Every story needs a beginning so this one will begin in 1989. It will chronicle a family crisis – or rather a series of family crises – culminating in the annihilation of two entire generations of my family in a relatively short length of time! But I am getting ahead of myself.
A rough précis is called for to bring you up to speed: the fabric of my life had already started to fall away by the deaths of my Mum's Dad and my Dad's Mum, two people I was extremely fond of. At the beginning of 1989, which was the final year of my Masters degree in Science, the main biochemistry freezer at Waikato University broke down, compromising the research quality of everything stored in it. Unfortunately the entire stock of samples comprising my own two-year old study was stored in it. My choices were either to walk away, or to reconstruct my entire thesis work in a few months to get it back to the stage where it was.
There began a frenzied and dedicated piece of research – taking 16 to 18 hours (usually) and sometimes 24 hours a day, for seven days a week – as I frantically (with the clock ticking down on my research grant!) pieced together my entire Masters project.
March, April, May fell away with my musical career on hold and friends complaining that I never phoned or went out any more. I think it was about June when my Mum received a phone call saying that her brother in Brisbane was dying of leukemia and only a bone marrow transplant from an homologous sibling would give him a chance to live, so would she please go to the Royal Princess Hospital in Brisbane immediately for screening as a possible donor.
So Mum got a passport quickly (yes! That was her first overseas trip!) and went to Brisbane to spend a week at the hospital. I looked after the house and cooked for Dad and my brother whilst she was away – tucking them into my rigorous schedule.
Then the day she arrived back she received a phone call from the Cancer Society in Whangamata, "... Could she come, please, and nurse her mother (my Nana) who was passing into the final stages of cancer and wouldn't last the week." Mum was basically packed already, so off she went. We reckoned without the superior constitution of my Nana, whose good healthy lifestyle made her a robust patient! Mum was away for nigh on 7½ weeks! During that time my Dad – whose own father had by now been admitted to a private hospital in Hamilton, also dying of cancer – under emotional stress and suffering from an ulcer – wrote off the family car on an uneven road surface on his way to Whangamata to visit Mum. Because of the hospital reforms and so forth at the time, he was sent home to me! He had a crushed hand and a fractured skull, which I was to nurse daily. I now had to come home from University three or four times a day, pushing my studies late into the night. On top of that, two days later – because of the same reforms – my poor dying Poppa (Dad's Dad) was sent from the private hospital, also for me to look after!! Luckily this was sorted out as an unfortunate error and the hospital took him back in less than a week. Throughout this time of family upheaval our warm, fluffy, stable family cat formed a habit of being ill on the carpet daily, so our lounge constantly smelt of disinfectant.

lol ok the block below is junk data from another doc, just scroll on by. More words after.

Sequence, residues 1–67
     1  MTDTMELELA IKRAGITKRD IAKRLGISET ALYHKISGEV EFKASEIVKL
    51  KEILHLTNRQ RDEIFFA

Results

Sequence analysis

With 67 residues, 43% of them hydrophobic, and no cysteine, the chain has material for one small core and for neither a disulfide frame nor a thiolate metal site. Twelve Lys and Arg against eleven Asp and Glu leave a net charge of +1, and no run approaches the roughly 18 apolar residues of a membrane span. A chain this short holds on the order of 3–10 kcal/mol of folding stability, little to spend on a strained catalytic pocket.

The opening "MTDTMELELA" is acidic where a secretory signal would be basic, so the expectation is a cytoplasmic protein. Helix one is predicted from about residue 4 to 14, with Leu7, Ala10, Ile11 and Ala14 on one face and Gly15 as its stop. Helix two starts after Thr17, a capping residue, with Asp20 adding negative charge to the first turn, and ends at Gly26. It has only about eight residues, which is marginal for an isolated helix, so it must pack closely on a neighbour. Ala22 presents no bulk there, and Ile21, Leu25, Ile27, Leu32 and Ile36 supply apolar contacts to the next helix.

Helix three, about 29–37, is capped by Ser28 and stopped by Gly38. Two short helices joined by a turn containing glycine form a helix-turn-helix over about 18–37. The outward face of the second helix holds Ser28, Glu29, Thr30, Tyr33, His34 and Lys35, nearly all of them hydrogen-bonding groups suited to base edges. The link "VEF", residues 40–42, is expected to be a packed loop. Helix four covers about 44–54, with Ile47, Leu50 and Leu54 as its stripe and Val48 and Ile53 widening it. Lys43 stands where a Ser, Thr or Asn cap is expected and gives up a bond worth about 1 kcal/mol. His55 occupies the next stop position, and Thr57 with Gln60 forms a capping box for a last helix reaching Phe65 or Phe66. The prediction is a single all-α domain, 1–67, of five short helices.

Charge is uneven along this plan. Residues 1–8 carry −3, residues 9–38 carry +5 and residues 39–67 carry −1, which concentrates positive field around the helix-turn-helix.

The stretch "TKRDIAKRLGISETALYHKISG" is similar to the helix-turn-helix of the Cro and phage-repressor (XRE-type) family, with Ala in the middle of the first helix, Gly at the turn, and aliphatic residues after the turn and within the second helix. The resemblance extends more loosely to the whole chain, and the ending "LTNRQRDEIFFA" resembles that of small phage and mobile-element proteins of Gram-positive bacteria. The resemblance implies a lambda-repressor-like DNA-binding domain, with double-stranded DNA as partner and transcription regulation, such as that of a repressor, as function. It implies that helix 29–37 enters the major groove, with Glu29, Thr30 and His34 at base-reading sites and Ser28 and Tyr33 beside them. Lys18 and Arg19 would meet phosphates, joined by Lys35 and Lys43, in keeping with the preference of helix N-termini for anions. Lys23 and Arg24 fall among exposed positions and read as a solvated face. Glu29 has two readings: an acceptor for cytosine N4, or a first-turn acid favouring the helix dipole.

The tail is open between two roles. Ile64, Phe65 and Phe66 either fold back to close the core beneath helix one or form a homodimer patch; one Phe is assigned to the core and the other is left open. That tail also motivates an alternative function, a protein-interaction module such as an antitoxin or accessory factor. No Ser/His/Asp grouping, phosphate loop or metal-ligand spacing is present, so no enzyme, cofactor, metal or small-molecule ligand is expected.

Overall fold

My poor brother was beside himself at this time because he was unfortunately domestically challenged. He had never shown interest in the oven or washing machine and knew not how to use them. Hence I had to make a lot of trips to and fro, and the University was on the other side of the city. However he bought takeaways for us all whenever I let him and gave me some money for petrol.
Two and a half weeks before my Nana died, her mother (my Great Granny) was due to turn 94 years old. Amidst the preparations for her birthday party my dear Great Granny – aware of her daughter’s illness but (as we all were) ever hopeful of recovery – was anxiously asking if my Nana would be there. For days she would demand news of her – 'Just how ill was she?' 'Was she getting better?' and 'Did she need a visit from her Mum?' She did not seem to heed the dire reports. Finally she understood that my Nana would not be there – that, in fact, she was dying – and Great Granny sank into a terrible despair. A couple of days before her birthday, she died of a heart attack brought on by depression – and the food ordered and prepared for her birthday party was ironically eaten at her wake.
I had been praying to God constantly from the beginning of the year as I found this gave me peace. But my relationship with God changed subtly over time and as the fabric of my life became more distorted and unreal (for a long time I had that feeling you get when the rug is pulled out from under your feet – a sensation of falling, but before you hit the floor), so God became more real and substantial. I came to the understanding that everything – and everyone! – was temporary and could be taken away from you – and the only thing that was constant – that you always had – was God.
A couple of weeks after Great Granny's funeral the district nurse at Whangamata phoned to say that my Mum needed me there. Seven weeks of nursing her beloved mother and watching her invariably decline, as well as the news of her dear grandmother's death, had taken their toll on Mum. So I put University on hold (Some Things Are Bigger Than A Masters Degree) and went.